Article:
Photo of Wheeler St. construction: West U Examiner. Plan: Metro. Aerial view: UH Board of Regents (PDF)

44 Comment

  • Hold firm, UH! You need every acre available and the west side of Scott is trashy so the rail line in terms of development is a big improvement.

  • The typical incompetence of METRO. Why wasn’t the land secured before construction? That is a typical step with any other linear government infrastructure project.

  • Is this because UH wants more parking for their new stadium? Because if so, they need to learn what transit is *for*. The reason the route goes to that neighborhood at all is to allow people to get to UH without cars, right? Now riders should have to walk in the street so UH can keep more asphalt? Or if it isn’t about parking, what is it?

    I don’t know what has already been agreed to. If UH and Metro had an agreement at the time the rail line was approved and finalized, I’d say it’s too late for UH to back out now—if they won’t sell, time for some old fashioned eminent domain.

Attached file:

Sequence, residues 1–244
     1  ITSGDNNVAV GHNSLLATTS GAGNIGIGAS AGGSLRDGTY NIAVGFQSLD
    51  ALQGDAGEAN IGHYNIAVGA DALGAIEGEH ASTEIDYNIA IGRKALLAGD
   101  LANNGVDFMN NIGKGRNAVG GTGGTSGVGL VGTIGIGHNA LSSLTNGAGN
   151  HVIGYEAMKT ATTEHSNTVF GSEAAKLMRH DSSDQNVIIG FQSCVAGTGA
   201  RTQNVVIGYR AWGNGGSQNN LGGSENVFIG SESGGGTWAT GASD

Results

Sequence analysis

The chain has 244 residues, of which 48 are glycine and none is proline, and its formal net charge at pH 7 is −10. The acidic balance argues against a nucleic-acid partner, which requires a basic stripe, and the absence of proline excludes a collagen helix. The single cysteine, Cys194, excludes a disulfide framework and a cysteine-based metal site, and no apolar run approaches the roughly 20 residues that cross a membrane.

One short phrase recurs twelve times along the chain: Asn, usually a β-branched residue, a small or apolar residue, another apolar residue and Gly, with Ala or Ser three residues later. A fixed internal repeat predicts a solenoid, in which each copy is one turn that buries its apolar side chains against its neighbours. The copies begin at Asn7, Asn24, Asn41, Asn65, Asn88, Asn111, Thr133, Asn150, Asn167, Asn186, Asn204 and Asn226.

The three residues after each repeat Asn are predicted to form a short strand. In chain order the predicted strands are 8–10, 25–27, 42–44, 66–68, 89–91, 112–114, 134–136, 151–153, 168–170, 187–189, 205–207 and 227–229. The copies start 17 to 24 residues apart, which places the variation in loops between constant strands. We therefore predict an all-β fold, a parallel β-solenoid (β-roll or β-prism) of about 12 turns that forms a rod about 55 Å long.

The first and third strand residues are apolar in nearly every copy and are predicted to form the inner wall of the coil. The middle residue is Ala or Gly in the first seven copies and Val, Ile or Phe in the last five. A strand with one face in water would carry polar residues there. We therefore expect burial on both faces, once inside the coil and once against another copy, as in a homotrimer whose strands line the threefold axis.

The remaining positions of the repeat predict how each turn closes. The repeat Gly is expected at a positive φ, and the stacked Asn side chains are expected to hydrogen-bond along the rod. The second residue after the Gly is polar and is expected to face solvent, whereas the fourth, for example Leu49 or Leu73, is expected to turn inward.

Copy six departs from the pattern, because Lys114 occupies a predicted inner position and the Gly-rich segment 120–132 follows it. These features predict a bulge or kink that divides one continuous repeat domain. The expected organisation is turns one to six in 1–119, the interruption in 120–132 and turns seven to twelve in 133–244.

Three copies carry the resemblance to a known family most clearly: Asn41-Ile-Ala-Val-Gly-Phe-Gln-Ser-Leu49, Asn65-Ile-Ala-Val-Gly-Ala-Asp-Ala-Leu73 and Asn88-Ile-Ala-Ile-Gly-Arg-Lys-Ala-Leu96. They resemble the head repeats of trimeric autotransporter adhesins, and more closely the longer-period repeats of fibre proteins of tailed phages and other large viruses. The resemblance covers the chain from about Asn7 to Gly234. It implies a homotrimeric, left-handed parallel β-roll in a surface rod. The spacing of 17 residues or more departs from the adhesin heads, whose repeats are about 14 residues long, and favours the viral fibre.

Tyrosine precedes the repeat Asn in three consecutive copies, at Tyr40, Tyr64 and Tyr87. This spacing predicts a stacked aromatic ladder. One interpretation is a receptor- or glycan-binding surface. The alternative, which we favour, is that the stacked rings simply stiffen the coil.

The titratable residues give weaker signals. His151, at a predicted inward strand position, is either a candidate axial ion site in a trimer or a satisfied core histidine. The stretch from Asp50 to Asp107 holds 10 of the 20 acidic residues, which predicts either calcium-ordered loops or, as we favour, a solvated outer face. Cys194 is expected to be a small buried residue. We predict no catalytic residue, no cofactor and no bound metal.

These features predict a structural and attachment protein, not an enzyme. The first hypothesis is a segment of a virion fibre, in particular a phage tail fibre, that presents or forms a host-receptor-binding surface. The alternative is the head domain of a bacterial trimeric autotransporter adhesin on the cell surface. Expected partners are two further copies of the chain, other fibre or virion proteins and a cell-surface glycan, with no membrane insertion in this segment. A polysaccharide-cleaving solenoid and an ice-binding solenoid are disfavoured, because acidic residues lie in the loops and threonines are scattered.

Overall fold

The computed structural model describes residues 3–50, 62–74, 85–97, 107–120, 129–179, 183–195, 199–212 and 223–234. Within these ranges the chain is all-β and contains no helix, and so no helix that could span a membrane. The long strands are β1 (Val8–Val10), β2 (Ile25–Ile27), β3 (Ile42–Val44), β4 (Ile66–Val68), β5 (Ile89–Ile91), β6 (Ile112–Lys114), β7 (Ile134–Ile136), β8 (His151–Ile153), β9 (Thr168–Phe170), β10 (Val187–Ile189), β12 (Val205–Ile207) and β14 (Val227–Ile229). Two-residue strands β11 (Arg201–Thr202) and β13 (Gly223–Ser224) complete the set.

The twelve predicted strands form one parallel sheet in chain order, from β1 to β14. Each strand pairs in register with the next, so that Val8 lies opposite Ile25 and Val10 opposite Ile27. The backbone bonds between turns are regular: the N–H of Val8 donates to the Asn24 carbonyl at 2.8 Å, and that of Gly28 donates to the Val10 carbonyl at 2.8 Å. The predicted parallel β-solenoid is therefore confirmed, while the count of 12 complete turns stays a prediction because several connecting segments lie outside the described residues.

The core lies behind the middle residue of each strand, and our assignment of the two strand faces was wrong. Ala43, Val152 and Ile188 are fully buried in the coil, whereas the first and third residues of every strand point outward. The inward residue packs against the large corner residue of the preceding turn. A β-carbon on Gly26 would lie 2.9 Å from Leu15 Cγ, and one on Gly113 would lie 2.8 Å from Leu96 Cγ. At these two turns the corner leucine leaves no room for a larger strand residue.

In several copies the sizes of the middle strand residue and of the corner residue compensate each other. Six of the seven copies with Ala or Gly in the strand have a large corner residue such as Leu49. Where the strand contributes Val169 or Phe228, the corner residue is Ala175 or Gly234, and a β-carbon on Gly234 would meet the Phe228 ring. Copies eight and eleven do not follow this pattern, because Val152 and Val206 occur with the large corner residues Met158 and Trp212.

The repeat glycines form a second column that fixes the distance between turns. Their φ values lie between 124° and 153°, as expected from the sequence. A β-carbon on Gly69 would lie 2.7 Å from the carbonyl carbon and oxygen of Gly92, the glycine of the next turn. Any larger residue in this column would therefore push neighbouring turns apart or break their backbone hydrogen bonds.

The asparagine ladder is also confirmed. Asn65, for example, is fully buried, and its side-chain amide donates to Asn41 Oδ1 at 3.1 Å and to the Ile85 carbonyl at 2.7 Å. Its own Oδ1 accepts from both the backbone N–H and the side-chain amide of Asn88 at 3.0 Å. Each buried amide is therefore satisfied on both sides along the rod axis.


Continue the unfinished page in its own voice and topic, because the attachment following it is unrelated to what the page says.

• Agree with Greg. Don’t need new accidents with UH football fans both on foot and in cars.

  • It was foolish of METRO to assume a growing, land-locked university would just sell it’s land when asked politely.

    All property should have been purchased before construction ever began.

  • As a UH student all I can say is our campus can not afford to lose any land period. Keep this line off our campus!

  • How is it even possible to start a project like this without having had secured the land? Call me crazy, but that seems like an important thing to check off the ol’ list before you start getting your hands dirty.

  • Can one government agency use eminent domain over another? Or is that only for private property? Still, UH should give up the strip of land. Or raised their objections earlier.